The beaches that hug the shore of Capbreton, a small coastal town in southwest France, are known for their prime surfing conditions. Vast and hidden by immense dunes, the stretches of sand make a great weekend getaway. But during World War II, the occupying Nazi forces thought of them as a great place for a potential Allied landing and invasion. They built a series of blockhouses so they’d be ready when their enemy arrived.
But the Allies never launched an invasion near Capbreton, rendering these defensive structures obsolete. Time has gone by and hardly anyone, aside from the occasional graffiti artist or curious explorer, has used them.
Nature has claimed these abandoned concrete constructions. Algae cover their surfaces. The occasional crab scurries about. The entrances to some of them have been almost filled with sand. Others are partially waterlogged, especially when the tides are high.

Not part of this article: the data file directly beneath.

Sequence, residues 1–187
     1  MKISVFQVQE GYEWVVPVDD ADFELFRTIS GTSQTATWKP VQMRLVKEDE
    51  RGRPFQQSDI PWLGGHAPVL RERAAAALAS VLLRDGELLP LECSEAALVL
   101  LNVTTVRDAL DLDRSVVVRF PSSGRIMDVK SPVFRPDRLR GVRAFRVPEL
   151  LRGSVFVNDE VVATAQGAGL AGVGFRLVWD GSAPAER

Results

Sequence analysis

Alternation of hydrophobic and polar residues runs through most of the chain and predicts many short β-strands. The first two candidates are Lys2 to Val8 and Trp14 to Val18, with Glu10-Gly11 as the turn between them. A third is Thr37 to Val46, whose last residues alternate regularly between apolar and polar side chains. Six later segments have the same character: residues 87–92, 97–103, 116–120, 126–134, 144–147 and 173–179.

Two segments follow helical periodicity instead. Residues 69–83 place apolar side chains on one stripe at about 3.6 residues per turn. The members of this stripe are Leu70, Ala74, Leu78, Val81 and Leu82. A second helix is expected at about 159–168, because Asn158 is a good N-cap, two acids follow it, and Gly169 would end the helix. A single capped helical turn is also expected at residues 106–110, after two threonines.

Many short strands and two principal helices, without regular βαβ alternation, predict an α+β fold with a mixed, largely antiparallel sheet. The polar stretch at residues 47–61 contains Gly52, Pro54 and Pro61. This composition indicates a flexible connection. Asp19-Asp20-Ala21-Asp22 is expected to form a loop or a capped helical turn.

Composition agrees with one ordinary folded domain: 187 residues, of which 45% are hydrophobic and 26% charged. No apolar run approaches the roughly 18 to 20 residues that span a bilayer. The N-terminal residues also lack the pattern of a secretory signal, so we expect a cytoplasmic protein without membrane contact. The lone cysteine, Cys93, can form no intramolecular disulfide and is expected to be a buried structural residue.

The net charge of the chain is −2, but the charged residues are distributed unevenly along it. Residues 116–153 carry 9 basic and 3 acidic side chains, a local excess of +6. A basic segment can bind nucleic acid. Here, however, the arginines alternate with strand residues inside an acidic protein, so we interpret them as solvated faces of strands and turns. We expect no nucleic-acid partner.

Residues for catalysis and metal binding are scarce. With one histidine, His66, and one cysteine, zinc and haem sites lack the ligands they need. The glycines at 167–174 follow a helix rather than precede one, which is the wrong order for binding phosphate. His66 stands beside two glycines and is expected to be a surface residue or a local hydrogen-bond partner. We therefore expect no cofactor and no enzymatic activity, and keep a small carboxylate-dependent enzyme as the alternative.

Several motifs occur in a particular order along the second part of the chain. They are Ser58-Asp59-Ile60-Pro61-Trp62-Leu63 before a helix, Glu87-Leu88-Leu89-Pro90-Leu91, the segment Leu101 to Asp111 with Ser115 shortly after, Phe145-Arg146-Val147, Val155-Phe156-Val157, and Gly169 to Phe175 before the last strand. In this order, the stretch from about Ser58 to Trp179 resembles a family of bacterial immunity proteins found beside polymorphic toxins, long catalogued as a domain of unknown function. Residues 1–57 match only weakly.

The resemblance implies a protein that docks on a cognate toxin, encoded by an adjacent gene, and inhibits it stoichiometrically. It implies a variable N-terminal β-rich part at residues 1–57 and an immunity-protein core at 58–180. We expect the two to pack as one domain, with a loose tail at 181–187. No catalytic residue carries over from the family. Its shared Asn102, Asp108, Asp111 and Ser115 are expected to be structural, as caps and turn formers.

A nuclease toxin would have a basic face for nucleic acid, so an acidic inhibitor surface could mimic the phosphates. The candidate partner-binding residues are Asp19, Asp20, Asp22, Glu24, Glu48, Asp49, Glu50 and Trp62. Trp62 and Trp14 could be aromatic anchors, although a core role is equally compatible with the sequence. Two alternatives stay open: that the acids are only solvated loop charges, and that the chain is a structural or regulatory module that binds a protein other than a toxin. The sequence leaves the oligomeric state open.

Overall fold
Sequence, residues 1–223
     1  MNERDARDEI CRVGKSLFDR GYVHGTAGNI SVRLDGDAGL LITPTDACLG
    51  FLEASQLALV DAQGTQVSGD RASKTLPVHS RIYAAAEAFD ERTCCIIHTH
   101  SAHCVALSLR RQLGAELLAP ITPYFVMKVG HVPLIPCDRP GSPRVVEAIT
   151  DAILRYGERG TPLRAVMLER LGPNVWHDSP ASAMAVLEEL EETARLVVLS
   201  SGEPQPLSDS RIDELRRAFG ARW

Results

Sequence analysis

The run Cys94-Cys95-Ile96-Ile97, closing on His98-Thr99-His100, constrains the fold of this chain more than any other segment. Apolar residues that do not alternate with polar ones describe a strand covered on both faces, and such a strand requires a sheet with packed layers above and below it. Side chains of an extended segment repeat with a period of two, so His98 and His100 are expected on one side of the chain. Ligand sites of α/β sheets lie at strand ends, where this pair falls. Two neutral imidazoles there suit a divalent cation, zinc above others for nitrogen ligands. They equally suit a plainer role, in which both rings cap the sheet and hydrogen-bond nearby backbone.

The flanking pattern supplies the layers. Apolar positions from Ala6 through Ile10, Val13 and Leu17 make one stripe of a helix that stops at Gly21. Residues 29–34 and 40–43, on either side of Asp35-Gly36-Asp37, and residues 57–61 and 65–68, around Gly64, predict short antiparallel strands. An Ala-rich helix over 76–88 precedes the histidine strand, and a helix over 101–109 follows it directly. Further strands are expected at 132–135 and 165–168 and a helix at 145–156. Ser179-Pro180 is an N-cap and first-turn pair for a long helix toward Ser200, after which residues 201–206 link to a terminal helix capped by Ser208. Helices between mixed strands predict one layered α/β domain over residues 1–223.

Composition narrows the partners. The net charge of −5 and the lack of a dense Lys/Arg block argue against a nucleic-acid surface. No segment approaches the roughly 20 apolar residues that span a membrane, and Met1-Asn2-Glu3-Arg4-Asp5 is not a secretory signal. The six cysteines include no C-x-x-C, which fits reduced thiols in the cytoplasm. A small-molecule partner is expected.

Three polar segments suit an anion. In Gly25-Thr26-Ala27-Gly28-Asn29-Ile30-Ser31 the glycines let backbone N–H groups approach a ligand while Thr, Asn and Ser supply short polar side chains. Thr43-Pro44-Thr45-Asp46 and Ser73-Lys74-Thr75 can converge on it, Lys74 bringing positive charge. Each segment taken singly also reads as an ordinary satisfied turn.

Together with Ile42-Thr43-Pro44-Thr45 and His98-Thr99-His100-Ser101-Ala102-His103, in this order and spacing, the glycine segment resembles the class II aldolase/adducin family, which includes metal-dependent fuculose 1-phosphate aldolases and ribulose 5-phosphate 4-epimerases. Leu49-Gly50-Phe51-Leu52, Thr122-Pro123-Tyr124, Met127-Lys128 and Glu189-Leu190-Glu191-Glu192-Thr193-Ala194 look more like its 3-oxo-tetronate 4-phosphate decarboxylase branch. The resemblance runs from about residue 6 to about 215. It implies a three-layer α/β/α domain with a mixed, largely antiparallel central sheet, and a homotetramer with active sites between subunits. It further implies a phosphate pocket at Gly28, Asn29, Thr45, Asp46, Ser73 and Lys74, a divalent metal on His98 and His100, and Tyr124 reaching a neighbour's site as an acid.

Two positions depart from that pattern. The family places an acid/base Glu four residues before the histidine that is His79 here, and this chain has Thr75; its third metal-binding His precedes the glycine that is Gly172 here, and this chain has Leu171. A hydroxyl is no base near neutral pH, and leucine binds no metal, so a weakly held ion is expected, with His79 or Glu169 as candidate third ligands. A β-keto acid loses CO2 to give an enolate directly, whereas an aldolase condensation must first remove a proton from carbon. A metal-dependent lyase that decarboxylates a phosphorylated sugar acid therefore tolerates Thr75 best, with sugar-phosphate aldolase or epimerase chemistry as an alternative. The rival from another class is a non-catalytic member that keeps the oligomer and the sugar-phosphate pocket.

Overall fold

However, it is possible to climb inside some of the structures. A rank smell welcomes anyone who dares enter. The blockhouses are a few minutes away from the town’s main streets, making it easy for just about anyone to admire these relics of World War II.
The fortifications are part of the Atlantic Wall, a coastal defense system built by the Germans that stretched from the French Basque country all the way up to Norway. Nazis guarded the coasts of their claimed lands from within these blockhouses, ready for any counterattacks. Now, hundreds of the structures lie along Europe’s beaches, slowly eroding and crumbling into the sea.